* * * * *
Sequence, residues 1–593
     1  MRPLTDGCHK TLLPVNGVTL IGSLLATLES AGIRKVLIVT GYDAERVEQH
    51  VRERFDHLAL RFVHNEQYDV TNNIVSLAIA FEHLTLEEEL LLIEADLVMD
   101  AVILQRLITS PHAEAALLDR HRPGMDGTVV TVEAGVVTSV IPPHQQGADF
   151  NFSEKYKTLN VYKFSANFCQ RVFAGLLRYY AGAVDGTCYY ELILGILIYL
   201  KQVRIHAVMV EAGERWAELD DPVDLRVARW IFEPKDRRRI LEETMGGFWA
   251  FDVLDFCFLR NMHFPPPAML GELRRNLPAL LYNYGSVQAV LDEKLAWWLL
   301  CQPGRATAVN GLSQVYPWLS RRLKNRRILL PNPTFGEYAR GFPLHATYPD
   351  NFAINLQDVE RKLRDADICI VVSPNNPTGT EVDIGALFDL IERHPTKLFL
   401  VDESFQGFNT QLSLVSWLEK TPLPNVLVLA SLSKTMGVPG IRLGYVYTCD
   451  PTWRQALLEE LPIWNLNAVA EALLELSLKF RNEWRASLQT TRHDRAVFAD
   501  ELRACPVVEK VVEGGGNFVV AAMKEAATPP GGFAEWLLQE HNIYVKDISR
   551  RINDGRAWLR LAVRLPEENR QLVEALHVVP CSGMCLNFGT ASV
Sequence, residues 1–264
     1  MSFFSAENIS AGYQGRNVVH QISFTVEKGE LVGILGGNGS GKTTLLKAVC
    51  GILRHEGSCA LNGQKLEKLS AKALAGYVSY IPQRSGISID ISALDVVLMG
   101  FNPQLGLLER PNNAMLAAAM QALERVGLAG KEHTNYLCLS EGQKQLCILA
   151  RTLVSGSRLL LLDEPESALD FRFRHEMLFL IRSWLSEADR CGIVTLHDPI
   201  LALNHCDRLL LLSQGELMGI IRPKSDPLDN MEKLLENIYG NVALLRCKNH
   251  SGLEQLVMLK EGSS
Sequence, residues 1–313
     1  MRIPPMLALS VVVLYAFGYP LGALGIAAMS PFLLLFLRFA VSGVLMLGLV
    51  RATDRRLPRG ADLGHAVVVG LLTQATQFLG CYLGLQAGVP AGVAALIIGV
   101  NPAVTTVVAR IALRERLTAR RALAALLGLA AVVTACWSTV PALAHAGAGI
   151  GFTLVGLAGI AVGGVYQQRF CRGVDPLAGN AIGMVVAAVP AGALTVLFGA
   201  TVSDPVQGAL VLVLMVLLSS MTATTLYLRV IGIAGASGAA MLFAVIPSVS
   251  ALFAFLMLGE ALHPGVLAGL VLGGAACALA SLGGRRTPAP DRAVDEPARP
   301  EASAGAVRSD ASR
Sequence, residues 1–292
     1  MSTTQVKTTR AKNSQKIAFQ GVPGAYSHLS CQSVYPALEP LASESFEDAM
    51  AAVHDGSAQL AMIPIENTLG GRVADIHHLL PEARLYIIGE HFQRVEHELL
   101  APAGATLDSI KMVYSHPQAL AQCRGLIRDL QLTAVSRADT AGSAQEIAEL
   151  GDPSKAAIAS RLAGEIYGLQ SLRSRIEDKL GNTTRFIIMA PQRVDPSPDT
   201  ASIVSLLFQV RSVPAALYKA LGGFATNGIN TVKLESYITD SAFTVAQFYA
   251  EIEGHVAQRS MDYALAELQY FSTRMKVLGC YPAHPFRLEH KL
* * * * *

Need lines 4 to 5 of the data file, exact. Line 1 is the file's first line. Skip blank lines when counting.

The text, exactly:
   101  AVILQRLITS PHAEAALLDR HRPGMDGTVV TVEAGVVTSV IPPHQQGADF
   151  NFSEKYKTLN VYKFSANFCQ RVFAGLLRYY AGAVDGTCYY ELILGILIYL